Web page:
According to Statistics Poland (GUS), Łódź was inhabited by 672,185 people and had a population density of 2,292 persons per square kilometre (5,940/sq mi), as of December 2020. Approximately 55.7 percent of inhabitants are of working age (18–64 years), which is a considerable decrease from 64.1 percent in 2010. An estimated 29.1 percent is of post-working age compared to 21.8 percent ten years earlier. In 2020, 54.39 percent (365,500) of all residents were women. Łódź has one of the highest feminisation rates among Poland's major cities, a legacy of the city's industrial past, when the textile factories attracted large numbers of female employees.
At its peak in 1988 the population was around 854,000, however, the it has since declined due to low fertility rates, outward migration and a lower life expectancy than in other parts of Poland. Łódź was the country's second largest city until 2007, when it lost its position to Kraków. A major contributing factor was the abrupt transition from socialist to market-based economy after 1989 and the resulting economic crisis, but the economic growth which followed has not reversed the trend. Depopulation and ageing are a major impediments for the future development of the city, putting strain on social infrastructure and medical services.
Historically, Łódź was multi-ethnic and its diverse population comprised migrants from other regions of Europe. In 1839, approximately 78 percent (6,648) of the total population was German. In 1913, Łódź had a population of 506,100 people, of whom 251,700 (49.7%) were Poles, 171,900 (34%) were Jews, 75,000 (14.8%) were Germans, and 6,300 (1.3%) were Russians. According to the 1931 Polish census, the total population of 604,000 included 375,000 (59%) Poles, 192,000 (32%) Jews and 54,000 (9%) Germans. By 1939, the Jewish minority had grown to well over 200,000.
Places of interestEdit
The most notable and recognizable landmark of the city is Piotrkowska Street, which remains the high-street and main tourist attraction in the city, runs north to south for a little over five kilometres (3.1 miles). This makes it one of the longest commercial streets in the world. Most of the building façades, many of which date back to the 19th century, have been renovated. It is the site of most restaurants, bars and cafes in Łódź's city centre.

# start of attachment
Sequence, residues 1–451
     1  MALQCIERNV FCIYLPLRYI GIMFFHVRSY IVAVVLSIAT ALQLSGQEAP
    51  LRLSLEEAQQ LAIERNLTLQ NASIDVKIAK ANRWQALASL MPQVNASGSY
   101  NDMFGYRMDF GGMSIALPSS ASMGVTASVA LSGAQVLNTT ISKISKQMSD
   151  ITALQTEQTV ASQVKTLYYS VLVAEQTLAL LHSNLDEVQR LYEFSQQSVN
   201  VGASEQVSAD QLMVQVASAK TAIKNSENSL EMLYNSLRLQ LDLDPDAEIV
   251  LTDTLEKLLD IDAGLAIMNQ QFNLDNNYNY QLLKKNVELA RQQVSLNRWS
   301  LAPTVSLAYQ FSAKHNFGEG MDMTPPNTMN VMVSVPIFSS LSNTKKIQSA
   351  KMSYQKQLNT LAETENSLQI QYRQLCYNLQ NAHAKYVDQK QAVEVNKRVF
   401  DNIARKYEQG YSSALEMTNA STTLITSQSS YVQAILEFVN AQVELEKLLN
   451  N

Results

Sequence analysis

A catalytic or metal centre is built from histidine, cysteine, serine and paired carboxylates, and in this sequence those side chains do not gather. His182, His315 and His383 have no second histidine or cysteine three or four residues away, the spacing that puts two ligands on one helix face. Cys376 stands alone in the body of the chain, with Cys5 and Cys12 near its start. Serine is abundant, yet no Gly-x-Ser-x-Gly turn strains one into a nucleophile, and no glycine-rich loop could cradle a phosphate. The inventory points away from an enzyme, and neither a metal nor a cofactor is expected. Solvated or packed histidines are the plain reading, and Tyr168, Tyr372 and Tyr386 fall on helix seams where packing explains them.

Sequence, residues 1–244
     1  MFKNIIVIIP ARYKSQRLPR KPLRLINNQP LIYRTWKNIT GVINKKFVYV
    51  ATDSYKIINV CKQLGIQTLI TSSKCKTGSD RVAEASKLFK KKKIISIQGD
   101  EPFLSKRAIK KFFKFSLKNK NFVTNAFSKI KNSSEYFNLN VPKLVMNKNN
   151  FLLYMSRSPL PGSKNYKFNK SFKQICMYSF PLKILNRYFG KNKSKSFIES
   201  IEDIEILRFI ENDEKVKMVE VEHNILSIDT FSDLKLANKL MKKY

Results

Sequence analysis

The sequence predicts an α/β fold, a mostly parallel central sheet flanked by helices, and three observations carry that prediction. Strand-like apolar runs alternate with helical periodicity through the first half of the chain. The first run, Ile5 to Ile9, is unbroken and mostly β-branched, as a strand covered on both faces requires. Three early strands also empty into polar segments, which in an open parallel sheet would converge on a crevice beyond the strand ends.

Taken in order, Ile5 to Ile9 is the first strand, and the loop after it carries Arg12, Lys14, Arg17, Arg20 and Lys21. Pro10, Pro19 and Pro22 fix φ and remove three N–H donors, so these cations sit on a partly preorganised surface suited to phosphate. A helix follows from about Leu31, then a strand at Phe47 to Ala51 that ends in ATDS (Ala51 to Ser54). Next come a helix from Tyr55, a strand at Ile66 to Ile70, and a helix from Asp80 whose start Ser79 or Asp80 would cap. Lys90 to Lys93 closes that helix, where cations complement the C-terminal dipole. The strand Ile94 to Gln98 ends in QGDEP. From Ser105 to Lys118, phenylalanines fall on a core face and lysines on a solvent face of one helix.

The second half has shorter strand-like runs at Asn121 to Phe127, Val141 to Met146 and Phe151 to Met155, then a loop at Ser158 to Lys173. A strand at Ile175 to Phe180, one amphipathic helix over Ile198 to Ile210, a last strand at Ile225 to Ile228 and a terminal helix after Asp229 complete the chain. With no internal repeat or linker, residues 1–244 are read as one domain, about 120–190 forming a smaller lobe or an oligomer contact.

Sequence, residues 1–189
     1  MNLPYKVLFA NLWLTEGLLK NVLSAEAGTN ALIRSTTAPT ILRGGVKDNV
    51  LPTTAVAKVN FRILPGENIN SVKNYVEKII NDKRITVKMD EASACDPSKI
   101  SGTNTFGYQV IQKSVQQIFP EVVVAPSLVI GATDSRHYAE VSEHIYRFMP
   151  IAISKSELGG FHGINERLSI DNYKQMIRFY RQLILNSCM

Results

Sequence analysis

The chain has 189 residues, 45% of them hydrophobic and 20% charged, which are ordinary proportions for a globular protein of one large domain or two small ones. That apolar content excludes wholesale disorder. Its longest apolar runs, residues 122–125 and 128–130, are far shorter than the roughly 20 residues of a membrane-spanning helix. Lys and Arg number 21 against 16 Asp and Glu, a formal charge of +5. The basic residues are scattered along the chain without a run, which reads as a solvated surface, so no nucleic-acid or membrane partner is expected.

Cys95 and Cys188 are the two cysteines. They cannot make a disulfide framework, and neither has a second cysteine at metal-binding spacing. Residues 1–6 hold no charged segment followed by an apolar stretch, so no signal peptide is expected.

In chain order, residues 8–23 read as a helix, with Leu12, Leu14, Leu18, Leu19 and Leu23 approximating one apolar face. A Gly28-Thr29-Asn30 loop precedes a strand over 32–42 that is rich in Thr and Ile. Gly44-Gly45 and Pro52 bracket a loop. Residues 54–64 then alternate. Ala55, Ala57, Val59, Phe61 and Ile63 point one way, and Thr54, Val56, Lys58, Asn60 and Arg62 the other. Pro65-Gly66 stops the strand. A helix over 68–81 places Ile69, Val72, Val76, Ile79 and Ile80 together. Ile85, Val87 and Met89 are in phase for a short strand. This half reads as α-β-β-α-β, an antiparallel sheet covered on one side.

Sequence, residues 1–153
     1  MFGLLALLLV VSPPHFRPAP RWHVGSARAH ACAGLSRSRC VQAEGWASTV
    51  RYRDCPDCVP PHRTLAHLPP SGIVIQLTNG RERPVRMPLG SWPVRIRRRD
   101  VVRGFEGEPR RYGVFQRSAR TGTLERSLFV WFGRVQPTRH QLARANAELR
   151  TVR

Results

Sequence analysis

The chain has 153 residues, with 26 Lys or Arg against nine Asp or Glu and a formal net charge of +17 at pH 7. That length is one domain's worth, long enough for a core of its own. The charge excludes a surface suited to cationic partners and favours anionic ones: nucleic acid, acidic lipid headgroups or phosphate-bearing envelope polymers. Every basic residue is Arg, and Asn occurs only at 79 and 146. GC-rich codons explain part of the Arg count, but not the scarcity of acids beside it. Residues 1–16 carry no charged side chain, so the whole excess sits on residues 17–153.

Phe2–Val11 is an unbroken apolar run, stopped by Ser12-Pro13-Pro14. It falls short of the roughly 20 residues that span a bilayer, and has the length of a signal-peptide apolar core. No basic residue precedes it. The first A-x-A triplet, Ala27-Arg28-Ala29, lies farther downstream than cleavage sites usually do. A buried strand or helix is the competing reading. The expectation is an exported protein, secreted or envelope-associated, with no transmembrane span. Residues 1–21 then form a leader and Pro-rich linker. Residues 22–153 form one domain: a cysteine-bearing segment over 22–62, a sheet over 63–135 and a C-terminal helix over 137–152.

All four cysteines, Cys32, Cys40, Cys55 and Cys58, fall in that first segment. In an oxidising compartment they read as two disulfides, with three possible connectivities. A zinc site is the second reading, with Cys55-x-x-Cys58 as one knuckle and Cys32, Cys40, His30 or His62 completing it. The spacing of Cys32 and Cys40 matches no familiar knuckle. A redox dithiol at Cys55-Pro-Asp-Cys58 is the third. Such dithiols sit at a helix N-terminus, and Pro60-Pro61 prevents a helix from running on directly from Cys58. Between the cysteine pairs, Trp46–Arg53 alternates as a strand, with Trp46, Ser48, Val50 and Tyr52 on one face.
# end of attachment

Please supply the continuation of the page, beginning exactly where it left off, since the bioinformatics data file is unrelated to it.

Many neglected tenement houses throughout the entire city centre have been renovated in recent years as part of the ongoing revitalization project run by the local authorities. The best example of urban regeneration in Łódź is the Manufaktura complex, occupying a large area of a former cotton factory dating back to the nineteenth century. The site, which was the heart of Izrael Poznański's industrial empire, now hosts a shopping mall, numerous restaurants, 4-star hotel, multiplex cinema, factory museum, bowling and fitness facilities and a science exhibition centre. Opened in 2006, it quickly became a centre of cultural entertainment and shopping, as well as a recognizable city landmark attracting both domestic and foreign tourists. The city is also likely to receive a large boost in terms of tourism once the massive revitalization project of the city's downtown (worth 4 billion PLN) is completed. The local government's efforts to transform the former industrial city into a thriving urban environment and tourist destination formed the basis for the city's failed bid to organise the 2022 International EXPO exhibition on the subject of urban renewal.
Łódź has one of the best museums of modern art in Poland. Muzeum Sztuki has three branches, two of which (ms1 and ms2) display collections of 20th and 21st-century art. The newest addition to the museum, ms2 was opened in 2008 in the Manufaktura complex. The unique collection of the Museum is presented in an unconventional way: instead of a chronological lecture on the development of art, works of art representing various periods and movements are arranged into a story touching themes and motifs important for the contemporary public. The third branch of Muzeum Sztuki, located in one of the city's many industrial palaces, also has more traditional art on display, presenting works by European and Polish masters such as Stanisław Wyspiański and Henryk Rodakowski.
Among the 14 registered museums to be found in Łódź, there is the independent Book Art Museum, awarded the American Printing History Association's Institutional Award for 2015 for its outstanding contribution to the study, recording, preservation, and dissemination of printing history in Poland over the last 35 years. Other notable museums include the Central Museum of Textiles with its open-air display of wooden architecture, the Cinematography Museum, located in Scheibler Palace, and the Museum of Independence Traditions, occupying the building of a historical Tsarist prison from the late 19th century. A more unusual establishment, the Dętka museum offers tourists a chance to visit the municipal sewer designed in the early years of the 20th century by the British engineer William Heerlein Lindley.